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Future-proofing your corporate culture

Posted September 22, 2020
Future-proofing your corporate culture

It’s no secret that a strong company culture leads to higher employee engagement, which in turn has a measurable impact on improving customer satisfaction.

Many companies equate corporate culture — which encompasses a business’s work environment, values, social makeup, vision and beliefs — with in-person interaction and activities. But, at a time when many employees are still working from home, many of the strategies enterprises have previously used to promote engagement and company culture may require some re-engineering.

And, time is of the essence. Employees already miss a lot of things about office life, including receiving help from managers, updates on the state of the business, and collaborating with colleagues face-to-face, according to a recent TELUS International poll. The net result being that while there are advantages to working from home, from reducing the spread of COVID-19 to providing more schedule flexibility, half of respondents (51%) said they are feeling “less connected to their company culture” during this time.

Businesses face a challenge. How do they adapt the way they work, while also maintaining a sense of normalcy for employees? A few simple changes may be all it takes to keep employees inspired and engaged.

Help your employees optimize their work-from-home life

For a good number of employees, the idea of working from home has long been a fantasy. Now that it has become reality, some are finding it lacking. Interruptions and distractions, a decrease in human interaction and a sense of being “out of the loop” can hinder your team’s ability to perform.

It’s up to companies to support their employees while they navigate this terrain, from helping them optimize their home office, to offering development opportunities, to providing emotional support.

One practical way that some companies are ensuring their teams are prepared to work from home is by offering a stipend for work-related equipment and upgrades, like a new desk or office chair. For example, early in the pandemic, Shopify gave its employees $1,000 to help them make the transition to remote work.

Another way to make it easier for your team to be productive working from home is by offering clear guidance on how they can best structure their workday. At TELUS International, we recognize the importance of keeping a holistic view of well-being. In addition to offering team members tips on boosting productivity, we also understand the value of downtime and encourage team members to create a separation between work and home life to establish and maintain a sense of balance.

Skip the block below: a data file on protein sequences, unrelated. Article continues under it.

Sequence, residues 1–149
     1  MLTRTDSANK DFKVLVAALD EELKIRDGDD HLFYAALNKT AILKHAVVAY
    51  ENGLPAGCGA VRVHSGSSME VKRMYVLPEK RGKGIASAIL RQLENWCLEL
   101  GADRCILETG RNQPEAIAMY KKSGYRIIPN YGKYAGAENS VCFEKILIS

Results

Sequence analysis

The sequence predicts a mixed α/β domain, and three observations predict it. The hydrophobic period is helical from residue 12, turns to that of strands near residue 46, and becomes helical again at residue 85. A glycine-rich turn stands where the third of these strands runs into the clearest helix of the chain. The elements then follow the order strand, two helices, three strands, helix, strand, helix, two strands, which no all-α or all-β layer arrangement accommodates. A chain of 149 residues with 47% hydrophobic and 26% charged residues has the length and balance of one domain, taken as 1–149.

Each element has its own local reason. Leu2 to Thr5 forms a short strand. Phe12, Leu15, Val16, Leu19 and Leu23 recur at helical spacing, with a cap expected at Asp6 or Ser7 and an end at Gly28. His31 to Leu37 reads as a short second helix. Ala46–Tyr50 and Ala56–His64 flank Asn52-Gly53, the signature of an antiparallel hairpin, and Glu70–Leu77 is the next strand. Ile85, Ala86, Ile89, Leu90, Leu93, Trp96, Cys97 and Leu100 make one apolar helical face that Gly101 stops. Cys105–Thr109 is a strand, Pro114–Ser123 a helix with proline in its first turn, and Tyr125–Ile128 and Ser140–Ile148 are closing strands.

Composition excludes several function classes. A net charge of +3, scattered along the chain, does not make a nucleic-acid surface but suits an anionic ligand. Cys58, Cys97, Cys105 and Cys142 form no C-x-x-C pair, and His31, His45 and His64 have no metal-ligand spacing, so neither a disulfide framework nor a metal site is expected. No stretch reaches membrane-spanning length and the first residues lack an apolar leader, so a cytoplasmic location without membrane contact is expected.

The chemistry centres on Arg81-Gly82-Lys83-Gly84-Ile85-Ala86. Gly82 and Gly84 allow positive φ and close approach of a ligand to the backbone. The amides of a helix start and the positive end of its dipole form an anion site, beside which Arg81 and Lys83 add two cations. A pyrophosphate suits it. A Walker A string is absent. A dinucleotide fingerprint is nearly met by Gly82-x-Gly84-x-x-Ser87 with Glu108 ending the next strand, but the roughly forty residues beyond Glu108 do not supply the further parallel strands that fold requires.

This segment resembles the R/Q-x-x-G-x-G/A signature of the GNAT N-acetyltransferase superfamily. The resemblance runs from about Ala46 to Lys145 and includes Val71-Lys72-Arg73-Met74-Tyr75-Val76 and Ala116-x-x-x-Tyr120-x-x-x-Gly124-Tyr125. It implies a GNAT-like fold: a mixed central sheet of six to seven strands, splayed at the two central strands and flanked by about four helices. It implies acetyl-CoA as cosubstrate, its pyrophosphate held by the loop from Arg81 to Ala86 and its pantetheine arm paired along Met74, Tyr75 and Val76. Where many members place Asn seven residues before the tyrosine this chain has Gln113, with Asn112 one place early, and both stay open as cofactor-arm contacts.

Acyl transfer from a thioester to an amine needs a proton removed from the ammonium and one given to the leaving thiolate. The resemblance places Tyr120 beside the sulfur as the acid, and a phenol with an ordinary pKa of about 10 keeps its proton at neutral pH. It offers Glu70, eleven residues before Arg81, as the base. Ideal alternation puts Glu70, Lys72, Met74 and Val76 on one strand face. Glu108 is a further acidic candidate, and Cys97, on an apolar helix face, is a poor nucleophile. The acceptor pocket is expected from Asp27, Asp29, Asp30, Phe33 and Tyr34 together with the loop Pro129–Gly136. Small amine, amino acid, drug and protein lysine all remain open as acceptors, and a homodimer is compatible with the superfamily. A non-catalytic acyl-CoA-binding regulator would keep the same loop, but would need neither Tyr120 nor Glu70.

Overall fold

Many employees are also eager to continue learning new skills and growing professionally while working at home. Our survey found that 78% of respondents value opportunities like corporate learning and development programs, including online courses (62%) and professional development seminars (49%). As such, it’s important for employers to not lose sight of finding ways to meet these needs in a virtual environment.

Promote both ongoing and spontaneous communication

One of the downsides to having remote teams is that employees are no longer having spontaneous chats beside the water cooler or while passing each other in the hall. More than half of American employees (57%) report missing small talk with colleagues.

To recreate these valuable interactions and keep the lines of communication open at all times, some companies are taking measures like setting up meetings with loose agendas to get people talking. Others, like Microsoft, have created a “culture channel” on their internal chat program to provide “virtual water cooler hangouts.” The company is also encouraging its developers to share common experiences, such as by taking walks “together” during team check-in calls.

At TELUS International, teams use an internal global social network called Cosmos. Launched this past spring, the social app allows employees to stay in contact with their colleagues around the globe, as well as share stories, peer-to-peer recognition and engage in fun non-work related activities to encourage overall wellness. In general, facilitating communication — however you do it — is key.

Boost morale with celebrations

Employee happy hours and get-togethers may not look like they used to, but by using videoconferencing tools like Zoom and Google Meet, companies can try to recreate the experience. As reported by The Wall Street Journal, job search site Handshake has been holding virtual talent shows, trivia nights and “Ask Me Anything” sessions.

Meanwhile, New York-based PR firm North 6th Agency Inc. has established a “culture committee” to explore ideas like a virtual book club and music playlist that can be shared among employees to keep them engaged. Others are embracing Slack channels for just about every topic in order to improve remote communication and camaraderie.

Moreover, if your organization has a CSR program, offering virtual volunteer opportunities to enable employees to give back to their communities can be key in keeping them engaged and inspired. By way of example, at TELUS International Philippines, team members have volunteered their time to translate children’s books and create storytelling videos. And in El Salvador, team members are providing virtual mentoring for afterschool programs to support students who are homeschooling.

Evolving to a remote work culture can be challenging, but by offering your employees occasions to thrive both personally and professionally, minimizing social isolation, and constantly looking for additional opportunities to support their overall well-being, employers can bolster enthusiasm for their business and keep their culture going strong.

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